Lumby minor hockey players Tage Kineshanko (left)

Lumby minor hockey players Tage Kineshanko (left)

Delissio helps Lumby Stars shine

At 30 degrees Celsius, Hockey Day in Lumby Sunday was already smoking.

It got even hotter at the end of the 90-minute function at the Pat Duke Memorial Arena when Nestlé Canada and the Western Hockey League presented Lumby Minor Hockey with a cheque for a sizzling $50,000, the result of the village’s efforts during the Delissio WHL Hockey Challenge which ran Nov. 1, 2010 to Feb. 28, 2011.

The challenge asked people from across Western Canada to submit UPC codes cut out from Delissio pizza boxes. Lumby responded by submitting 6,174 UPC codes.

“It’s not everyday I get to see such community spirit, this is amazing,” said a Delissio hockey sweater-clad Rob Carducci, assistant marketing manager for Nestlé, of the nearly 150 people who turned out inside the arena on a sweltering hot day, playing road hockey and having their shots measured for speed by an RCMP radar gun.

“The community spirit you have demonstrated today and in the challenge is something you all should be very proud of.”

Carducci and Alyson Chambers, manager of corporate partnerships for the WHL, presented a cheque for $50,000 to Lumby Minor Hockey president Tracey Williamson, vice-president Peter Romailler and and fundraising chairperson Sherry Kineshanko.

Lumby Mayor Kevin Acton and Vernon-Monashee MLA Eric Foster were also on hand for the presentation.

While the cheque presentation drew a raucous applause from the audience, the crown nearly lifted the roof off the arena when Kineshanko, the woman who spearheaded the challenge and had everybody in the village thinking Delissio, was introduced.

“There are not enough words to express our sincere and heartfelt appreciation,” said Kineshanko to Carducci and Chambers. “Your amazing contribution will make a significant difference in the lives of many within our community.”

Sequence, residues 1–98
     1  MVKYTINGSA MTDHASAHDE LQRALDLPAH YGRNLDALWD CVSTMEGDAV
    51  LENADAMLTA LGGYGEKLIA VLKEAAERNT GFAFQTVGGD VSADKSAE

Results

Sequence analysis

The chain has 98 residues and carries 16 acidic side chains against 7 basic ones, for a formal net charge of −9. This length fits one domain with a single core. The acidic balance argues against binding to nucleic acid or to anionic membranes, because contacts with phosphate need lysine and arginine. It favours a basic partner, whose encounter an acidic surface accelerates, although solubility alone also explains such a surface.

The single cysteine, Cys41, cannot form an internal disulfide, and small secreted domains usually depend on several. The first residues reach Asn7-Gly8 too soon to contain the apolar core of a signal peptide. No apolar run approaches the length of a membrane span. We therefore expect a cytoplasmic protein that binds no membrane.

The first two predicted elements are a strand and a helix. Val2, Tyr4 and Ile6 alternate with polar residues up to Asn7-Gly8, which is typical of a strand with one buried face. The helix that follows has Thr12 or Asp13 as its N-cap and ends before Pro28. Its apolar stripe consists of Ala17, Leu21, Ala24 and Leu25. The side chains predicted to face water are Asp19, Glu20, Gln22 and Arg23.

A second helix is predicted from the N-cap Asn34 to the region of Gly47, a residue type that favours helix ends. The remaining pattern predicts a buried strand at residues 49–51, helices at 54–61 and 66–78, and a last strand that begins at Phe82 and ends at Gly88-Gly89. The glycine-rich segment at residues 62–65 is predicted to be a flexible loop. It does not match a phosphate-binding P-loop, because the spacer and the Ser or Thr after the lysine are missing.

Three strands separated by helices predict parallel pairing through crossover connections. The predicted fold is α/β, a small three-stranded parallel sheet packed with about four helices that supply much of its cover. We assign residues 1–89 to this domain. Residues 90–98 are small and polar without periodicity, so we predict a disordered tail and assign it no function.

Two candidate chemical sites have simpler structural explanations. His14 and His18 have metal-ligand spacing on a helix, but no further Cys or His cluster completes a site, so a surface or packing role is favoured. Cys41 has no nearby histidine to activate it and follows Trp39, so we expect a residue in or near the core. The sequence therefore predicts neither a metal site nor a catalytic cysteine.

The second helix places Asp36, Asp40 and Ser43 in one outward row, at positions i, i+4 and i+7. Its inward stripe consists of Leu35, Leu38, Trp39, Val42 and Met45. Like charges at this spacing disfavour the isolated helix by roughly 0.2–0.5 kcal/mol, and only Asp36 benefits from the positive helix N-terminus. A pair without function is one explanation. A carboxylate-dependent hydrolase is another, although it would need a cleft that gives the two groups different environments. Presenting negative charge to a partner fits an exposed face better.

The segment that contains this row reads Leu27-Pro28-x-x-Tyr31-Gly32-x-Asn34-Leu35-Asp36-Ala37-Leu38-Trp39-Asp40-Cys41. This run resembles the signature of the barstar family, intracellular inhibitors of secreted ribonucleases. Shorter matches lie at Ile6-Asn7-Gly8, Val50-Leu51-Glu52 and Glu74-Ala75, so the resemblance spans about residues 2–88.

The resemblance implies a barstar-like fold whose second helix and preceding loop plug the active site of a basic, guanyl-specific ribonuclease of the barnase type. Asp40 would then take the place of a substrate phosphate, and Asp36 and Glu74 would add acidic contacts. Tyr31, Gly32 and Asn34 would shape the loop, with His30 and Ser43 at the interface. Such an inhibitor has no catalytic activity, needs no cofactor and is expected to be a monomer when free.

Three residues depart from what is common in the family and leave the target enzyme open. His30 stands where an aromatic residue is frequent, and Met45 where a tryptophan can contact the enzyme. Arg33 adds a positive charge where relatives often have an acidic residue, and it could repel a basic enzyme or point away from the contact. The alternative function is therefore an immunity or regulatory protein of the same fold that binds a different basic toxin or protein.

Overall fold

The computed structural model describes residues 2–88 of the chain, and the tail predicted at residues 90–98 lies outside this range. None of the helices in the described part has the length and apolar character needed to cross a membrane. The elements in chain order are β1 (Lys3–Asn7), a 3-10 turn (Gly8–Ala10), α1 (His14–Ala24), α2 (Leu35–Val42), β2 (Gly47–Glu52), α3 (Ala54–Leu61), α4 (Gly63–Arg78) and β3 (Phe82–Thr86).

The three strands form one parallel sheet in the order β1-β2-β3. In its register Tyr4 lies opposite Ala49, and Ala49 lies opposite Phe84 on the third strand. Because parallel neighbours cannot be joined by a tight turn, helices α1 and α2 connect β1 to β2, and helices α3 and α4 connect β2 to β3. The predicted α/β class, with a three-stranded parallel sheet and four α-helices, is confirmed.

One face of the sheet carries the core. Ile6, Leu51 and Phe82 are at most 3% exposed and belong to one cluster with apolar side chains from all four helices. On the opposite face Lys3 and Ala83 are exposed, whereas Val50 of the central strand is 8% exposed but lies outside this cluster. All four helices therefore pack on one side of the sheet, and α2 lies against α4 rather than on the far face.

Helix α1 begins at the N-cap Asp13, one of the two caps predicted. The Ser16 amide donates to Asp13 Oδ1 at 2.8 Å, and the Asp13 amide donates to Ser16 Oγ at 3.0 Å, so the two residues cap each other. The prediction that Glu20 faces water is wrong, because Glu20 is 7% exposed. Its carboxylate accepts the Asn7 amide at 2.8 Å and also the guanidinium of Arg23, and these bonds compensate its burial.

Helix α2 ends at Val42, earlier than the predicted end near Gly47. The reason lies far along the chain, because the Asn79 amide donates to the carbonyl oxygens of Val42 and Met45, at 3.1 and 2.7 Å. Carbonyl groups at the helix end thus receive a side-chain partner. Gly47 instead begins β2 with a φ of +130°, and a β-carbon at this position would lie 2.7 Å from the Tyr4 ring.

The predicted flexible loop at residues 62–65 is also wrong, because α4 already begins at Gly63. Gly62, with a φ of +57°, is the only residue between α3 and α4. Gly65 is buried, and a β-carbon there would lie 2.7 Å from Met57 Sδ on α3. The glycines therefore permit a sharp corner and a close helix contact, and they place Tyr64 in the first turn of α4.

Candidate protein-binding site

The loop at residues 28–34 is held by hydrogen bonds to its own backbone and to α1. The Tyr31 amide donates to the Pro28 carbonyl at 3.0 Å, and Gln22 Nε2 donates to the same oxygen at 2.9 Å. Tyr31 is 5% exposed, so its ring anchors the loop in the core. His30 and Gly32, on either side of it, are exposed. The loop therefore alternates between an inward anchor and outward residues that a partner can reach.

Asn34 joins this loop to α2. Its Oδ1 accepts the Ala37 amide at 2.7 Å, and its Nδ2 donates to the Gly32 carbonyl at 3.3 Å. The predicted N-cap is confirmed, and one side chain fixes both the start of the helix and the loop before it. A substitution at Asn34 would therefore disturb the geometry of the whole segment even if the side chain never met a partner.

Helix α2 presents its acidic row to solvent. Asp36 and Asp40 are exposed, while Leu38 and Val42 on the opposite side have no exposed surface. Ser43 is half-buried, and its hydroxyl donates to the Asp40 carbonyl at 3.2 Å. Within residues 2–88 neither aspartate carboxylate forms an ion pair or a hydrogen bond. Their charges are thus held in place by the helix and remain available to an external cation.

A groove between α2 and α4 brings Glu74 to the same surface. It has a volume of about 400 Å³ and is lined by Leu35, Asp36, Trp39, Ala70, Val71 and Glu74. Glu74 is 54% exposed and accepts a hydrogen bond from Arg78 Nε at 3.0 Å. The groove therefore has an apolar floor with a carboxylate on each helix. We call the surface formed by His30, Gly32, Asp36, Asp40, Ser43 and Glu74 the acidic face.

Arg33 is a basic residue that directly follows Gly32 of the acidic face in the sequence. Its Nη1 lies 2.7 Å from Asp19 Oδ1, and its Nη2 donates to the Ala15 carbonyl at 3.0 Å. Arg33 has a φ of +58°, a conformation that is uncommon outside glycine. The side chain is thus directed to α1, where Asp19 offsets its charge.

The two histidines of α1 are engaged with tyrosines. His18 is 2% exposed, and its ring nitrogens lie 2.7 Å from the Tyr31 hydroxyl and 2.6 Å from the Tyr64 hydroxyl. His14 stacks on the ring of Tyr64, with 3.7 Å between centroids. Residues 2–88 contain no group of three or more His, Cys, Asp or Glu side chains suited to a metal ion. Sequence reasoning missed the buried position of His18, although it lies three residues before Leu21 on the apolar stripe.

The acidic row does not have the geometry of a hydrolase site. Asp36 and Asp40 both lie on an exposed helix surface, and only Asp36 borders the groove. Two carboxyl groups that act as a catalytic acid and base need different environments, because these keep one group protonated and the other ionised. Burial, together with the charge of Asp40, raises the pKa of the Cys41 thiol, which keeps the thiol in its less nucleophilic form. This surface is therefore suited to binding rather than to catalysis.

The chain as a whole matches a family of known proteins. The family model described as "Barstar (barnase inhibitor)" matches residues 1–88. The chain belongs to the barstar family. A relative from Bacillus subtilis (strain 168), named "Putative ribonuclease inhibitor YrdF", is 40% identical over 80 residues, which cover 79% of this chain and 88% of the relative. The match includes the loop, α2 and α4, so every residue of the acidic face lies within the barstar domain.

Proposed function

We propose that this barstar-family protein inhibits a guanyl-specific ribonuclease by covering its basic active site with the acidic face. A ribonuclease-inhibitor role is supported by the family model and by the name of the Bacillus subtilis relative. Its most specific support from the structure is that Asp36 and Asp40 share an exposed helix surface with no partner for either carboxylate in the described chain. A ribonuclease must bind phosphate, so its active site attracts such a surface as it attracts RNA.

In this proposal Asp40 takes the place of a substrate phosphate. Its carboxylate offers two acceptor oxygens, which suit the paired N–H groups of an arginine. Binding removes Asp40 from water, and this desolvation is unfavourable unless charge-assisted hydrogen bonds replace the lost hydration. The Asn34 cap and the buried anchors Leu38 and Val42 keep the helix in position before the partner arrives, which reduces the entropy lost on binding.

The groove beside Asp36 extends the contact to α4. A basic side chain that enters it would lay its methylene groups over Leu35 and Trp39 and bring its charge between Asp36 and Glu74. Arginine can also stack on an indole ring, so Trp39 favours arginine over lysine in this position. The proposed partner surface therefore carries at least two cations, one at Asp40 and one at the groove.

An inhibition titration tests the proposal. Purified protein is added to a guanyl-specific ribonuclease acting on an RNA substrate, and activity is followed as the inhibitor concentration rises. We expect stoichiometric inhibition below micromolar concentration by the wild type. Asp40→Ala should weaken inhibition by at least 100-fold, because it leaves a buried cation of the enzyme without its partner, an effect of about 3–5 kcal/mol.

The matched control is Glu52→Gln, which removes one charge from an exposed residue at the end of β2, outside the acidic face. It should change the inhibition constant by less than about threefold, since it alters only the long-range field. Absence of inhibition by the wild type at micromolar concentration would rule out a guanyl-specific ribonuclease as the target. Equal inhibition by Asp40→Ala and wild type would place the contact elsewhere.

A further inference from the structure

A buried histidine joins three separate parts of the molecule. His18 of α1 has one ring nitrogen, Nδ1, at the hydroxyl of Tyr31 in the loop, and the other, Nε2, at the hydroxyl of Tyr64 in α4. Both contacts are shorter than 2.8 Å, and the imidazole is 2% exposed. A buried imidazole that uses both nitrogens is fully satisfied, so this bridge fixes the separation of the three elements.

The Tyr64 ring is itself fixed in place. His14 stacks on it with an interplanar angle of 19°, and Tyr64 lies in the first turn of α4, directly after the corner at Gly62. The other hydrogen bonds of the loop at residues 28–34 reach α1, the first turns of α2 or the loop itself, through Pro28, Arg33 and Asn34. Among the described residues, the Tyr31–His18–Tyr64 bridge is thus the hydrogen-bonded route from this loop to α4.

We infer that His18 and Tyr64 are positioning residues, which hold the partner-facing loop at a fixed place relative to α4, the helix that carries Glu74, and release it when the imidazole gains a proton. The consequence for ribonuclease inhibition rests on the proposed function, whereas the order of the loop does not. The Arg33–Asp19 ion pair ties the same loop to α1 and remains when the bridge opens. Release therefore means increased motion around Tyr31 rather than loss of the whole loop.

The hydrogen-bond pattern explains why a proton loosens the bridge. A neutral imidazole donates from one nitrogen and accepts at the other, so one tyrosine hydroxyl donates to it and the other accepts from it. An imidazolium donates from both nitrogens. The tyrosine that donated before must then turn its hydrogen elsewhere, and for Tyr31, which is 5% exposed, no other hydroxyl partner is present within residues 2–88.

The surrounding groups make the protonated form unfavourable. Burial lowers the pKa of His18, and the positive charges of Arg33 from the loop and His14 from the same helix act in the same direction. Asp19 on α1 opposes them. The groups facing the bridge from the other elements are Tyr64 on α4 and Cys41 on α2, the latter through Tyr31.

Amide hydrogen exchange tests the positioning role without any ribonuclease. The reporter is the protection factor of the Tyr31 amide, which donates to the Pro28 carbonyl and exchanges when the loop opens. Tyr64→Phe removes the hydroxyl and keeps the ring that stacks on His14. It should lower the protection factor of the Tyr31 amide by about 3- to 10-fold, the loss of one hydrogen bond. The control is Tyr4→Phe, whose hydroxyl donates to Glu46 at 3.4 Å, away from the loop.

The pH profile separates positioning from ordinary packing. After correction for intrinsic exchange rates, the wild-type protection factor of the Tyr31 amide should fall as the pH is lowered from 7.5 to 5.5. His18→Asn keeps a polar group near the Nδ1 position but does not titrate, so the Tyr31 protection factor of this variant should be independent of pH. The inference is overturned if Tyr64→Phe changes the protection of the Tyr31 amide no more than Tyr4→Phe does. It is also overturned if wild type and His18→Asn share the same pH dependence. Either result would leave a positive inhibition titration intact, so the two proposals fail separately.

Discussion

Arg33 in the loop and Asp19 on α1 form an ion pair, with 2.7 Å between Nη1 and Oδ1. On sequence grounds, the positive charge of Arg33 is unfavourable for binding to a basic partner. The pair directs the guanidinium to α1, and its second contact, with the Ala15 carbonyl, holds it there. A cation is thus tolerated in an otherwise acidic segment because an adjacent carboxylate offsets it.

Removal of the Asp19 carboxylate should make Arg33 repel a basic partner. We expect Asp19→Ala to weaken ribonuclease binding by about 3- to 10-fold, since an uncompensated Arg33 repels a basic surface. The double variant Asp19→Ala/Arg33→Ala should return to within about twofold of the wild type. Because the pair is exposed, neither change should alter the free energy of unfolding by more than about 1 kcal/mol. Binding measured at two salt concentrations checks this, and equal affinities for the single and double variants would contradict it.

Lumby Minor Hockey presented Carducci with an autographed hockey stick and bestowed lifetime memberships upon him and Chambers.

The contest was based on a per capita basis, which gave Lumby a fair chance at the money.

“A contest of such magnitude allows small communities like ours to show not only our youth, but communities across Canada as well, that great things can happen when you work hard, are committed and never give up,” said Kineshanko.

“You gave the Lumby Stars a chance to shine. We are forever grateful. From the bottom of our hearts, thank you.”

Carducci and Chambers also received a Lumby Stars minor hockey jersey.

Those would be new jerseys as the money minor hockey received from Nestlé and the WHL will go towards replacing uniforms, equipment and a storage container damaged sometime last summer.

“We opened the container at the end of the summer to get ready for the season and we discovered there had been a leak,” said Kineshanko.


“The containers stores equipment that we have donated so that kids and parents who can’t afford to play hockey have a chance, and all of the uniforms were in there as well.”